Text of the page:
MATRIXSYNTH: Replica Buchla 100 series modular synth: LA67 Mort’s Barge

Sunday, July 30, 2023

Replica Buchla 100 series modular synth: LA67 Mort’s Barge

video upload by Tom Churchill

"This video is about Mort’s Barge - a replica mini-system of five Buchla 100 series modules that were used by electronic music pioneer Morton Subotnick in the mid-1960s. I recently built the 4U DIY modules from LA67, and in this video I walk through the features and create a few patches that show what they’re capable of.

My build notes are here:

Find out more about the Mort’s Barge DIY set on the LA67 website:"

You can find additional posts featuring Mort's Barge here.

Notes and pics via Tom Churchill's post on Mod Wiggler:

"I thought I’d share a couple of things I learned along the way which maybe aren’t immediately obvious from the BOMs alone, in case anyone else is planning to tackle the build and is looking for some tips.

Some of this stuff has no doubt been covered earlier in the thread, so apologies for any repetition. Also, a lot will probably be obvious to experienced builders, but I’m definitely not in that category yet, so for anyone else (like me) who’s only built Eurorack kits previously, maybe isn’t super-familiar with circuit theory and component sourcing, it might be useful.

After I ordered the panels and PCBs from LA67 I contacted Julian at The Beast to ask about his 6U Buchla boats. As luck would have it he still had a couple of the special boats he supplied to LA67 for the pre-built Mort’s Barge systems, with matt black coating and pre-drilled holes for power inlet, power switch and grounding banana socket, so I snagged one.
I added some rubber feet to allow a bit of clearance for the screws I used to mount the PSU PCB (see below) and to avoid the underside getting scratched.
For mounting the modules, I bought a pack of 20 M3 speed fasteners (aka captive nuts, aka Tinnermans) from eBay, and secured the modules using M3 6mm screws with plastic washers.
The PSU PCB doesn’t require any caps and you just need to solder one bridge as marked. (This is now clear on the Mort’s Barge PSU BOM, but it wasn’t at first.)
I mounted the PSU PCB on 8mm M2.5 standoffs via the pre-drilled holes in the bottom of the boat.
I added a DC inlet and wired a 20mm round rocker switch in series.
I added a single banana socket connected to 0V to provide a ground for any other cases I might want to use with it (and for connecting to Eurorack - see below).
For the AC-DC converter I just used a standard 12V 2A wall wart I had lying around, with a 2.1mm centre positive barrel connector.
I used the 2-pin Molex connectors as per the BOM to distribute power to the individual modules (with the power cables hard-wired to the individual module PCBs)
Component sourcing:
I combined the individual BOMs for the five modules into one master BOM, ticked off what I already had in stock (mostly resistors), then ordered any other required resistors, trimmers, pots, 2N3904/6 transistors and various bits of hardware from Tayda; caps, specialist transistors, diodes, switches, knobs, lamps etc from Mouser.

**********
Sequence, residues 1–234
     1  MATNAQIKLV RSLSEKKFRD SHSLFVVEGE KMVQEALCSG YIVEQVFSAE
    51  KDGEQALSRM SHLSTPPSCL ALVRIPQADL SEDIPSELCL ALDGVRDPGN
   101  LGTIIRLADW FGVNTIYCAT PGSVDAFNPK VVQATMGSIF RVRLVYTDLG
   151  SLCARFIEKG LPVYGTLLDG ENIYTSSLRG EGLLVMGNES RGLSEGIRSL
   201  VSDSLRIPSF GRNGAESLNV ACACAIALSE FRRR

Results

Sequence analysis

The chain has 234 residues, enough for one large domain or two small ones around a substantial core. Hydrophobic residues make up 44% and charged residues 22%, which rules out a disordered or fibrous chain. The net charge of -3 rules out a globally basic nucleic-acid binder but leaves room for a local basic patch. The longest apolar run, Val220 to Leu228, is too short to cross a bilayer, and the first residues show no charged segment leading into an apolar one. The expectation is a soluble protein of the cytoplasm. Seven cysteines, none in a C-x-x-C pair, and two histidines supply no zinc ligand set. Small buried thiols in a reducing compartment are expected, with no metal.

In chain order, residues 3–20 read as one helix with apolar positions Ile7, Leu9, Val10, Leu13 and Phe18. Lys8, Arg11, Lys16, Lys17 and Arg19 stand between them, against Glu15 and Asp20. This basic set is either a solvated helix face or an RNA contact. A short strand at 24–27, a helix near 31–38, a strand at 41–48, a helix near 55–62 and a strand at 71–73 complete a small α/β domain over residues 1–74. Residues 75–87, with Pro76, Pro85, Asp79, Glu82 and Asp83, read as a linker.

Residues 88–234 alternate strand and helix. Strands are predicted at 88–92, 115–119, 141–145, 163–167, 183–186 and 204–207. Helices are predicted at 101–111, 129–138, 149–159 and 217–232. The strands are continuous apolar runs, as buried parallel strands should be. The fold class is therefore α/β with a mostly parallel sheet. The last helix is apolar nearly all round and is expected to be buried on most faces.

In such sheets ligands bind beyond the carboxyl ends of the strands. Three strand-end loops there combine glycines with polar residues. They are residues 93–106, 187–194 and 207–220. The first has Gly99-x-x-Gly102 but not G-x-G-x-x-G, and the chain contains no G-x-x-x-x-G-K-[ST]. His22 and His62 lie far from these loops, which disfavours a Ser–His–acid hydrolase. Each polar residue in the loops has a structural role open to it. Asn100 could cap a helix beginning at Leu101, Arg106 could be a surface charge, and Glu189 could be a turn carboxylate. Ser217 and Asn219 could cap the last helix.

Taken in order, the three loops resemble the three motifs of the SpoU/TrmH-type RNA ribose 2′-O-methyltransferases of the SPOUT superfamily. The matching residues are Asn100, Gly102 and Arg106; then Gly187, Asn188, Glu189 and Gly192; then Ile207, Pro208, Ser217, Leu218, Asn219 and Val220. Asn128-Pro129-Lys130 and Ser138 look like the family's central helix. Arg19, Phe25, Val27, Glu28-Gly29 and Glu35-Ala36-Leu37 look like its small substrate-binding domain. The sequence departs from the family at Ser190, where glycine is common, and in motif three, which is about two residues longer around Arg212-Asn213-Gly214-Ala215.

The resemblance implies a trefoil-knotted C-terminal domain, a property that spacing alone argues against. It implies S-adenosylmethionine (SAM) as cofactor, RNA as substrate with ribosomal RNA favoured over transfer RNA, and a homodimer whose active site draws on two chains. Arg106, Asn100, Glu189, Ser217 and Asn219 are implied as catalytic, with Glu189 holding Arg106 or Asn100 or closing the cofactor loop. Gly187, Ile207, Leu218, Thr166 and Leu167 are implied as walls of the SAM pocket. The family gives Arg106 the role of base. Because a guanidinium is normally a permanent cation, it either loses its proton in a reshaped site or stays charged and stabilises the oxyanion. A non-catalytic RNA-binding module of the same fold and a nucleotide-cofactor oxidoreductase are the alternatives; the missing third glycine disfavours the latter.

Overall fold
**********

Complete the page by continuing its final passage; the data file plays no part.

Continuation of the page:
I’m in the UK and banana sockets worked out slightly cheaper from Thonk, so I ordered those there. I also bought the necessary matched transistor pairs from Thonk to save time (I don’t have the tools or experience to match them myself!)
This might be sacrilege to Buchla purists but I went for Switchcraft 3.5mm sockets instead of Tini-Jax - I already have lots of 3.5mm patch cables and it makes for easier integration.
The 910p film caps on the BOM are huge - 10mm lead spacing - and expensive. I ordered them before I realised this, and with a bit of leg straightening/bending they do fit fine in the 158 and 180 boards, but I replaced them with these much smaller and cheaper 1n mylar film caps for the 140 - ... apacitor-5 - and they work just fine.
The BOM has since been corrected, but slightly annoyingly at the time I was ordering, the part code for the Dialight lamps in the 123 was out of date, so the ones that arrived in my original order were the wrong size. I had to do a separate order for the correct parts, 609-1122-130F. These aren’t cheap, so double check that you’re getting 9mm ones!
On the 158 BOM, there’s a suggestion to use 1n5 instead of 47n for C11 to reduce saw wave distortion. I put sockets in for that and tried both - the 1n5 definitely gives a much cleaner saw so I’ve stuck with that. I also left out C8 as suggested to improve sine shape - I didn’t try it with it included but the sine is definitely a good shape without so I’ll stick without it.
General tips:
I built them in the left to right order they’re shown on the LA67 photos - 158, 110, 180, 140, 123. It was pretty easy to test this way.
Calibration-wise there’s not much to do - the trimmers on the 158 adjust the sine shape and upper and lower frequency limits; use the 110 trimmers to minimise clicking with a raw trigger in; the 140 trimmers set the upper and lower period (I haven’t really touched these)
For the wiring, I soldered pins to the PCB and used a bunch of F-F Dupont jumper wires, cut in half, so if I ever need to take the board off I can simply pull these off and don’t need to desolder anything. For the multiple outputs I mostly just used old resistor legs to bridge them.
Integrating with Eurorack clock is easy - both the 180 and the 123 respond to triggers as low as 5V (e.g. from Pam’s). I don’t use a format jumbler, just a 3.5mm to two bananas cable, with the ground banana connected to the spare ground I fitted near the power switch. I don’t think I’ll ever bother trying to send CV from Eurorack but this way I can at least clock it to the rest of my system if I want to, and maybe even play around with some more complex rhythm patterns.
Anyway, hope that’s handy for someone - I’ll share a bunch of patches on YouTube soon!"

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